Where to after viral success: keeping relevant in the content world

$16, three mates, one weekend, and a viral sensation that is still part of culture nine years on. In 2008, when a young creative collective set out to create some fun stuff to put online, they couldn’t have predicted where a simple whale animation could take them; $2 million, a few series with Australia’s national broadcaster, and a successful content agency. Two thirds of the collective that created Beached Az, Jarod Green and Anthony MacFarlane, reflect with the projects* on their foray into content and how to keep relevant in a fast industry.

YouTube viral video ‘Beached Az’

When we started out, content was a new notion; Youtube was just gaining credibility as a video platform and Facebook was just going into its fourth year. All we knew was that we wanted to make films and the platform was there to do that, so we created an animation ripping on New Zealanders and it happened a lot farther than we thought it would. It led to a two season television series with ABC, millions of digital views, $2 million in merchandise sales, collaborations with some of New Zealand’s greatest talents Sam Neill and the late John Clarke, and eventually steered us towards launching our own content agency. We’ve been creating content for nearly a decade now, and whilst the industry has morphed and changed beyond anyone’s expectations, there are a few truths we’ve learnt that continue to underpin all that we do.

To maintain relevance in a content world that is new each day, here are the three things we’ve found:

1. Move Faster than the Speed of Like

Often, brands are too data-driven in their strategic thinking, or try to have all bases covered through a content strategy, without allowing room for risking something new. To be agile and move fast, sometimes you can’t have all of the information right in front of you. Those brands brave enough to move fast may take a risk but also scoop the reward and cut through the noise of content in their space. Within six hours of the devastating 2011 Christchurch earthquake, we had made, cut and uploaded a Beached Az segment urging our audience to give to the Red Cross Appeal, and the week of John Key’s resignation we uploaded a video titled ‘Key Change’. The hype around Beached Az allowed us to create videos for Greenpeace, and create a clothing line with Supre.

The success of Betoota Advocate in Australia, a satirical news site with consistently viral offerings, is in its ability to translate news into shareable headlines within half an hour of a story breaking. In six months, it has surpassed the traffic of other satirical news sites The Onion and The Shovel and moved into producing beer (5).

2. Speak the Language of the Platform

As new digital platforms emerge and existing platforms evolve, good content reshapes itself to the opportunities this evolution brings. This has become increasingly important in the last few years as technologies like AR, 360 video, and square/vertical formating become popular core features of platforms. For us, slapping the existing Beached Az cartoon on different platforms without translation would have flopped and missed an opportunity to build audience. The app required a social game to be produced to make it appealing. The DVD required parody featurettes and international language options to fit audience expectations of the format. 360 VR required complete rebuild of the digital assets to be engaging and remarkable to the audience experience.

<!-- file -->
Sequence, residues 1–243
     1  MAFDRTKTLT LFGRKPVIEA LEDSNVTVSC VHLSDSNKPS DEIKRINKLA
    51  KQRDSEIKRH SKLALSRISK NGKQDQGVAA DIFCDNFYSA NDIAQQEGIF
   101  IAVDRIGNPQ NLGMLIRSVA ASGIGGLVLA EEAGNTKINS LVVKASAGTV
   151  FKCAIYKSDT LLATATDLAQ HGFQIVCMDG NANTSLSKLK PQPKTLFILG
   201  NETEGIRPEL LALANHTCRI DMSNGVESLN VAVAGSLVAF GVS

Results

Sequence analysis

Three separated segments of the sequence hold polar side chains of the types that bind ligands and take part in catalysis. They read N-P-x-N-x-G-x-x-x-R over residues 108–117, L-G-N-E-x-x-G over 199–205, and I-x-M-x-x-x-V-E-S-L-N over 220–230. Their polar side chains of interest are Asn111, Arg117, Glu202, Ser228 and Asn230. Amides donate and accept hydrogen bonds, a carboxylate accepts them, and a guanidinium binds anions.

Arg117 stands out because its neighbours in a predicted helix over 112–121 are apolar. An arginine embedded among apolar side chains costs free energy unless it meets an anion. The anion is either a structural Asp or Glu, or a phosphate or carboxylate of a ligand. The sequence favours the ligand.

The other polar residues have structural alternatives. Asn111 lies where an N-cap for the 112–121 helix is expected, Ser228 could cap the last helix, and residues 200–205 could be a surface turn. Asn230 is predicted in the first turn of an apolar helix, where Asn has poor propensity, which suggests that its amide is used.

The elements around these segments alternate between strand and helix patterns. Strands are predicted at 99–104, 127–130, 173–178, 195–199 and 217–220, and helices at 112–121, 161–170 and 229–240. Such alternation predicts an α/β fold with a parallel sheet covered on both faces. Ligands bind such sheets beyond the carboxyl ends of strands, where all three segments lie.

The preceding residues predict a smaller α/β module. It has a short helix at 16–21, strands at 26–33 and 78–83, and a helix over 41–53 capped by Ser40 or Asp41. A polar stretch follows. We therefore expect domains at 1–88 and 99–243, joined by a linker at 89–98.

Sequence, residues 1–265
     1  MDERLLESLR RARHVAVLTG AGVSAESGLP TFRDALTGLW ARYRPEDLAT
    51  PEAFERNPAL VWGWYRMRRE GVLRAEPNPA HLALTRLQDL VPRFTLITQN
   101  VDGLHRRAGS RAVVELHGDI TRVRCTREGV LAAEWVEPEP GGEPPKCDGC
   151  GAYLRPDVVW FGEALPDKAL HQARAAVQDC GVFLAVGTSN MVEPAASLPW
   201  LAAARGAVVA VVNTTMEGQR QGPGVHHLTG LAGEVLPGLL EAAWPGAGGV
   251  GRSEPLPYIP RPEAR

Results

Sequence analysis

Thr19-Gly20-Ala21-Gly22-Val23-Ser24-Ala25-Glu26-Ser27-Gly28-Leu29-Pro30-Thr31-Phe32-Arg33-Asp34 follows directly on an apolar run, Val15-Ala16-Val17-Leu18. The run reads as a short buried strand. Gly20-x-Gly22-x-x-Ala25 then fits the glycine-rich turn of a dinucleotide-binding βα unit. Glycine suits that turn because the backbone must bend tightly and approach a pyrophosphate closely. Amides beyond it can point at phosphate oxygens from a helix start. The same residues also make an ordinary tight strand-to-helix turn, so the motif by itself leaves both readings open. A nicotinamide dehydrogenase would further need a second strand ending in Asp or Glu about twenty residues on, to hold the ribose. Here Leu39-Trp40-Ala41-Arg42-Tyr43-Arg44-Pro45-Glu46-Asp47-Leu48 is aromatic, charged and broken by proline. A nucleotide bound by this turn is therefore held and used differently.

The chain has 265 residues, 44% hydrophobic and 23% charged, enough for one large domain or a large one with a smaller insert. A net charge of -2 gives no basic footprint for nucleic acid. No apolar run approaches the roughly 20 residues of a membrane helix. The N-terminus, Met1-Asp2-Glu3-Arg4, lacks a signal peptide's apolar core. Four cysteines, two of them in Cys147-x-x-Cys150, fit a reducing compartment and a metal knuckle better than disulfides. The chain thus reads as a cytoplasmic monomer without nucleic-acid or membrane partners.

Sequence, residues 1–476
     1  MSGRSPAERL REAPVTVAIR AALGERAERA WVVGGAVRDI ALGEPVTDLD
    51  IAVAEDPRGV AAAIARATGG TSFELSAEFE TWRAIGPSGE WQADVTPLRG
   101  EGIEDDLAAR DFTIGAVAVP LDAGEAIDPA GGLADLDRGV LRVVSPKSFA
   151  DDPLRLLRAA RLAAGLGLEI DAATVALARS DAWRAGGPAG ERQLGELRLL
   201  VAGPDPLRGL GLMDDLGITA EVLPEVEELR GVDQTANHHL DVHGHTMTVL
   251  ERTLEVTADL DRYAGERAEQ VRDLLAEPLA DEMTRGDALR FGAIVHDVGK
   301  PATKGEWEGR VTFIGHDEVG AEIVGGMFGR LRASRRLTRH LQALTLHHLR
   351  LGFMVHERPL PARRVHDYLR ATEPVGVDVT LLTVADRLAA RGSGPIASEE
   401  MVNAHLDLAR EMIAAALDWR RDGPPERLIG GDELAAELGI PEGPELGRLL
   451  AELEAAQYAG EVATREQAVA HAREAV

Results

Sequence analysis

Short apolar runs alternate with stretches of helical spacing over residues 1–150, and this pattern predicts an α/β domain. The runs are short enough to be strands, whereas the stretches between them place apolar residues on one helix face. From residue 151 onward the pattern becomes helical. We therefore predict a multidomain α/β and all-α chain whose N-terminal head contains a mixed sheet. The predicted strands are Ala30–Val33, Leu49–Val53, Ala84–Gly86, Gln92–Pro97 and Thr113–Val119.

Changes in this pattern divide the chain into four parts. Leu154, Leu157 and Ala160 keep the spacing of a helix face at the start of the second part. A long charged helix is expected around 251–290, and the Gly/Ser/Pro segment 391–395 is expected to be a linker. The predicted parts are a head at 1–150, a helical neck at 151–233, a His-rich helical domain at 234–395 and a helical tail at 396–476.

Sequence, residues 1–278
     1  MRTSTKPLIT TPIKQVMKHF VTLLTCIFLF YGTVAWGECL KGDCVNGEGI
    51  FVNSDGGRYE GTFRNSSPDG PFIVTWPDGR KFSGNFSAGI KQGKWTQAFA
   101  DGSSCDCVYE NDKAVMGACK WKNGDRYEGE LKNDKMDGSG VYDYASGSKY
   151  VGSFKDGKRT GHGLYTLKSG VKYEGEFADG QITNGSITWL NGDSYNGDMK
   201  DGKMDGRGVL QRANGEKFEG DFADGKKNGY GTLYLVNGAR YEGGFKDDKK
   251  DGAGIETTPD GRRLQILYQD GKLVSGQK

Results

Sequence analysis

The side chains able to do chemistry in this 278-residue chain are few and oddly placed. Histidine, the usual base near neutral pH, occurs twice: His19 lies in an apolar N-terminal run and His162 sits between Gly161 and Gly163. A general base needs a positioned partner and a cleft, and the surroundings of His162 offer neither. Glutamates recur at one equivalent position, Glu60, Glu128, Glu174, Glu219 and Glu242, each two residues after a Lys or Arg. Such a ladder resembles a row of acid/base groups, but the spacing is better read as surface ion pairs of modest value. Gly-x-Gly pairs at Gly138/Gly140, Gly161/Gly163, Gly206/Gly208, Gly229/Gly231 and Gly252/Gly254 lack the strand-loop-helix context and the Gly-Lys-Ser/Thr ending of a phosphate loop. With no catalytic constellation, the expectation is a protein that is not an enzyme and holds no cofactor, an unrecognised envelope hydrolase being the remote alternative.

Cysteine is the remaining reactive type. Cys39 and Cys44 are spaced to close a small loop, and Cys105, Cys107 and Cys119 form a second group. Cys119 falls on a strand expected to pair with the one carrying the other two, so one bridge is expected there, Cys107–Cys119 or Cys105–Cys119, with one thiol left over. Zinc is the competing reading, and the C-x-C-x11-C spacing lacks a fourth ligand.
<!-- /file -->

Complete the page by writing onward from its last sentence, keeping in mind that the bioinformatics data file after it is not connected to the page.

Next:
In Australia, Myer and eBay partnered in 2016 to develop VR technology that allows customers to search tens of thousands of products with new gaze recognition software (2). Further abroad in the US, Taco Bell used a Snapchat taco filter to celebrate Cinco de Mayo, garnering 224 million views- the app’s top campaign at that time- and generating 12.5 years of play in a day (3). With our work, it’s not good enough create good content- we need to get it in front of people in their own format on their preferred platform.

3. If You Can’t Start The Conversation, Join The Conversation

Beached Az owes most of its success to the friendly rivalry that exists between Australians and New Zealanders. The playful mockery of the kiwi accent is an ageless topic of conversation, and Beached Az managed to tap into that. We weren’t the first to draw attention to how absurd the kiwi accent is, but it joined a conversation in every workplace, every schoolyard, every neighbourhood where Kiwis and Aussies co existed. For brands, especially smaller ones on tight budgets that can’t pay to kickstart a conversation around their products or services, tapping into an existing conversation and amplifying it for their own purpose can be a powerful tool.

Airbnb ‘Until We All Belong’ Acceptance Ring Campaign

More recently, we’ve seen really impressive work from Airbnb, who have tastefully joined the Australian conversation on marriage equality, with support from Qantas, Google, eBay and ANZ (1). The campaign, titled ‘Until We All Belong’, centred on a pledge of solidarity to those seeking marriage equality, is a series of beautiful content pieces with human stories. It’s success lies in its topicality and in its focus on human stories as a talking point.

While the content world has historically moved faster than brands have capacity to keep up with, agile agencies are springing up to bridge the gap. Jarod Green and Anthony MacFarlane of Beached Az fame have joined the projects* to create content that not only keeps brands relevant in the world of fast-moving microtrends, but allows them to continue to lead the conversation.


One clap, two clap, three clap, forty?

By clapping more or less, you can signal to us which stories really stand out.